Launch info: Fir Landing off Deep Hole Road in Chincoteague. Access is to the north end of Little Oyster Bay. You need to pick up a parking permit from the town of Chincoteague, which is available from the Community Center, if it is open or the police station if the Community Center is closed. Both the Community Center and Police Station are conveniently located on Deep Hole Road before you get to the turn for Fir Landing. The permits cost $5.00 for a week. On November 11, there was room for us to park right along Fir Landing Road at the launch. I was a little worried that our vehicles might be at risk parked in such a low traffic area, but apparently neighbors kept an eye out for us. Somebody became concerned after the vehicles had been there for several days and left notes on our windshields. It was nice to know the citizens of Chincoteague were looking out for us. The site at Pope Bay was about 11 miles from this launch.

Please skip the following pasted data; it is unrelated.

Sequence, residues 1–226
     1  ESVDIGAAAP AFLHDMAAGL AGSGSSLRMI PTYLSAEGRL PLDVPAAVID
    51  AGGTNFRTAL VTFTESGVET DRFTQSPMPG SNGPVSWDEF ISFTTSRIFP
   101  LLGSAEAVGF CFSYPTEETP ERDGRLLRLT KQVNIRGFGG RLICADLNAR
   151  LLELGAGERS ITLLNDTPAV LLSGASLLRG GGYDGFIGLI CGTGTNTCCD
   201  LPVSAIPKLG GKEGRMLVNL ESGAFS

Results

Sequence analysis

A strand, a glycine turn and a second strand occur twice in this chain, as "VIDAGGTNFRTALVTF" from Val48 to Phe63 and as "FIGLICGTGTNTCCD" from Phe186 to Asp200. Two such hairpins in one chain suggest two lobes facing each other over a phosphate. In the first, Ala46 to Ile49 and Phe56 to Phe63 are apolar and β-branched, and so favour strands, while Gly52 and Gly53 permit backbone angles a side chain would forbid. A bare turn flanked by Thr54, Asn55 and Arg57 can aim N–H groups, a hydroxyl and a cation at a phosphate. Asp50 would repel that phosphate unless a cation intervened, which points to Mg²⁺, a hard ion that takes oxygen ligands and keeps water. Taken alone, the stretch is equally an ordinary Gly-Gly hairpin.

Hazards: Wind and waves, getting lost, hornets nest in the privy.

The End.  That's all.  From here on down are pasted miscellaneous snippets without organization, so stop reading.

e-mail to Rick
The Virginia end of Assateague was a revelation, much more interesting territory than the Maryland end.  One big difference in the marshes at Assateague as compared to some areas of the Bay, is that the Assateague marsh grass is only a foot or so high. So you get some nice views.